Top Cubs Pitching Prospect Brailyn Marquez Was Delayed at the Start of Spring Training

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Top Cubs Pitching Prospect Brailyn Marquez Was Delayed at the Start of Spring Training

Chicago Cubs

Top Cubs pitching prospect Brailyn Marquez has been conspicuously absent from updates about Cubs camp, which is not to say there was concern – the minor league season doesn’t start for two months yet – but it was odd not to have seen him in pictures or clips or game action.

Turns out there’s a reason. Marquez was delayed at arrival, and is still just starting to build up his arm (

Cubs top prospect left-hander Brailyn Marquez — ranked No. 60 on MLB Pipeline’s Top 100 Prospects list — is playing catch and building up arm strength, according to pitching coach Tommy Hottovy. Marquez was delayed at the start of camp due to the COVID-19 intake process.

“He’s always a guy that we’ve kind of taken a slow and deliberate approach with,” Hottovy said. “And then coming in with all the COVID protocols and all the stuff he had to deal with, it was going to take some time to ramp him back up. He put in a lot of good work in the offseason, fortunately.”

Like I said at the top, you can’t be concerned right now, given that Marquez wouldn’t be pitching in game action at Double-A or Triple-A for two more months anyway. He might be “behind” the other pitchers on the 40-man roster, but he’s certainly not “behind” the minor league guys who can’t even come to Spring Training until the big league crew departs.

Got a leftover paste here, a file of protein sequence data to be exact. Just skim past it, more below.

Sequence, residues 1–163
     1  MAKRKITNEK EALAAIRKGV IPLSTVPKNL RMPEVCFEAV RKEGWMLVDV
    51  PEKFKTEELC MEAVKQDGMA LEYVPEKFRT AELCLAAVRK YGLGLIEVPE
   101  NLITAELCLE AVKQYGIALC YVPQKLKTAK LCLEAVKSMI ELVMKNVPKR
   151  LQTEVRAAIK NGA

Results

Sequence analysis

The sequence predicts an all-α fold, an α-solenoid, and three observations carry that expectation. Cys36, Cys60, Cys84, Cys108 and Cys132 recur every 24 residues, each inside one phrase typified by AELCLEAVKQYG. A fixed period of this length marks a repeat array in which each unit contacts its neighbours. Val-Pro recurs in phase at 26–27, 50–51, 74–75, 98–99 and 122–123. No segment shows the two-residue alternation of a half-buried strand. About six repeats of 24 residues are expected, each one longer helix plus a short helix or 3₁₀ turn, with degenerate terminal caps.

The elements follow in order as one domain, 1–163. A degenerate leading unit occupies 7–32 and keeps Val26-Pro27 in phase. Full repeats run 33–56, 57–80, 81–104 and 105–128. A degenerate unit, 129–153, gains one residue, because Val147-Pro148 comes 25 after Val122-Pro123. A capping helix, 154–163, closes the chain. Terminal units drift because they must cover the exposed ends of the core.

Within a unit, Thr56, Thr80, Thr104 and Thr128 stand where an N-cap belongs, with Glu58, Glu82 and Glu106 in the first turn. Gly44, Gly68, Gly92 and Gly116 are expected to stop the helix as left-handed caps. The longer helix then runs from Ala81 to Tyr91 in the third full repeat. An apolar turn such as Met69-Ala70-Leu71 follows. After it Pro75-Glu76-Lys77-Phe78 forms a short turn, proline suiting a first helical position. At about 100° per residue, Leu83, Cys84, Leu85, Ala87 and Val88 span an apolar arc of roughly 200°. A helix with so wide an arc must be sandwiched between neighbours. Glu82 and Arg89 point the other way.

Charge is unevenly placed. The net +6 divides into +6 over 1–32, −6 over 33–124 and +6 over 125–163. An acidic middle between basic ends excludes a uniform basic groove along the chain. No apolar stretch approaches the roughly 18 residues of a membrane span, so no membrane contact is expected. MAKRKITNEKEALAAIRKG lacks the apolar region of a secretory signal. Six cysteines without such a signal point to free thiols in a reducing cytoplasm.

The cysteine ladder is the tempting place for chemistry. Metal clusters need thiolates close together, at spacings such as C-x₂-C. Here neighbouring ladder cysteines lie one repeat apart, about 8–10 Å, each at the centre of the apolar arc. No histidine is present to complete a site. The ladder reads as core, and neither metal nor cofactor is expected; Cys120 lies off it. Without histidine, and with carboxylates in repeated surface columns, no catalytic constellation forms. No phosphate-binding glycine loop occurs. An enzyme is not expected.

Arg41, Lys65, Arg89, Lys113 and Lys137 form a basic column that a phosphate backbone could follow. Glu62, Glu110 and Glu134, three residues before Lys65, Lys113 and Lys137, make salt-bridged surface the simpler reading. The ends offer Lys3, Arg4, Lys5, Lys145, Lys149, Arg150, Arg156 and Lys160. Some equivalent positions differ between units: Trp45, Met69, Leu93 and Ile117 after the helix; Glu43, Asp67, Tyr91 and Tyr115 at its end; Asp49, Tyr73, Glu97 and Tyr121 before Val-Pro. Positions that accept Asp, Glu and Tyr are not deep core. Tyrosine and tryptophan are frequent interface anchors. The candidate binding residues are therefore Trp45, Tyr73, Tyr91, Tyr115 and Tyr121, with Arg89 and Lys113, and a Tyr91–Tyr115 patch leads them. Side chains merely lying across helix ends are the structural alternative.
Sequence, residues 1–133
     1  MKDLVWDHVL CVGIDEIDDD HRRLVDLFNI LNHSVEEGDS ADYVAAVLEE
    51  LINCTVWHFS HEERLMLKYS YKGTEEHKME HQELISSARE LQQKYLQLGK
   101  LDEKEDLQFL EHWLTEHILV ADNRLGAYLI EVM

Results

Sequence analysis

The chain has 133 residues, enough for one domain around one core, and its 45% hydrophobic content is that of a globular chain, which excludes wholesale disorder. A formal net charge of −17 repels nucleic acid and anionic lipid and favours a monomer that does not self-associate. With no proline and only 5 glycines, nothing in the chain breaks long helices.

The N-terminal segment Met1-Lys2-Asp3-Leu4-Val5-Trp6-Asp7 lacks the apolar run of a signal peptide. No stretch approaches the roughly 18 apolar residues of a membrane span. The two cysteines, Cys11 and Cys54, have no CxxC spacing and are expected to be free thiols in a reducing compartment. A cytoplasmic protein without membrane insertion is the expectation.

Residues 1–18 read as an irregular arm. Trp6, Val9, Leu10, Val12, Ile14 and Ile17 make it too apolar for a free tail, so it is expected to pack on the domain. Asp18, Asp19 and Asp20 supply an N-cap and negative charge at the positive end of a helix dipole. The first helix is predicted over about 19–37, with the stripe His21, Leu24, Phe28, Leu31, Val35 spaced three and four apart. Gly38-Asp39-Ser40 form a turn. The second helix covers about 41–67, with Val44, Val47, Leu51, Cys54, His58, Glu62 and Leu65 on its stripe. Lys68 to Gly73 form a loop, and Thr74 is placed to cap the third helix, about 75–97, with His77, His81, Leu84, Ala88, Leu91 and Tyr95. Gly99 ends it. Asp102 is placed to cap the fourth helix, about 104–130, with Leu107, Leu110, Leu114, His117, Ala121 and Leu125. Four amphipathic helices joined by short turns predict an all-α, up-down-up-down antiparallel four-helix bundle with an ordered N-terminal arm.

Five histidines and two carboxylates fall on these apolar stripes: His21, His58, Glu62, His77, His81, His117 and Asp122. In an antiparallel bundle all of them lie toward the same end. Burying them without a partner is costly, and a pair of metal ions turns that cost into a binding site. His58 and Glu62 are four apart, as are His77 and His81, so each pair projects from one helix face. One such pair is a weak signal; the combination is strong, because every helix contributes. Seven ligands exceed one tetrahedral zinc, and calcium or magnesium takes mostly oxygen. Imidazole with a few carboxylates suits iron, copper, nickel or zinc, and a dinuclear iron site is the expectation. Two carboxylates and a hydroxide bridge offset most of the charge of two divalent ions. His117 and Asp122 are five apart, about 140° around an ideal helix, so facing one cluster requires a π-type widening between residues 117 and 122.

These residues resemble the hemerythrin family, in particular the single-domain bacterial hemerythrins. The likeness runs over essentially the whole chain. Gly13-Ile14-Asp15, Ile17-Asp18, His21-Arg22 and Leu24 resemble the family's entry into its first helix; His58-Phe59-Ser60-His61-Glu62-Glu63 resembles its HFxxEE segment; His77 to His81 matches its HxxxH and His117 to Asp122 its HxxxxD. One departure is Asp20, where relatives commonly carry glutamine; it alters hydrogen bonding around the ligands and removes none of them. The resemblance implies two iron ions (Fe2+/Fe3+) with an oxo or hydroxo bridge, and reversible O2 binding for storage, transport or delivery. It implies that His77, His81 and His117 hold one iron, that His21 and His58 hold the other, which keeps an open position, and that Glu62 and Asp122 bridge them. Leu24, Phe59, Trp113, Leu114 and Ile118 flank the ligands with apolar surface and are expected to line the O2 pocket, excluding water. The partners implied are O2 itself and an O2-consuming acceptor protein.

Marquez was never a real threat to make the Opening Day roster, and despite his very brief cup of coffee last year, it’s not a lock that he’ll see any big league time this season. The Cubs want to really try to max out Marquez’s delivery, as he gives them the rare chance at developing a true ace. And, since he hasn’t otherwise pitched above High-A, is still working on his pitch development, and has the kind of body and delivery that rarely sticks as a starter, there’s no good reason to rush things.

I’m just hoping that Marquez can have a normal, full, minor league season’s worth of starts at Double-A and/or Triple-A. If he winds up getting some big league time because he’s just so dang sharp that the Cubs want to use some of his 2021 innings at the big league level? Well that’d just be gravy. Mostly, though – realistically – I just want to see him get back into normal action after the funky 2020 season.

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Author: Brett Taylor

Brett Taylor is the Editor and Lead Cubs Writer at Bleacher Nation, and you can find him on Twitter at @BleacherNation and @Brett_A_Taylor.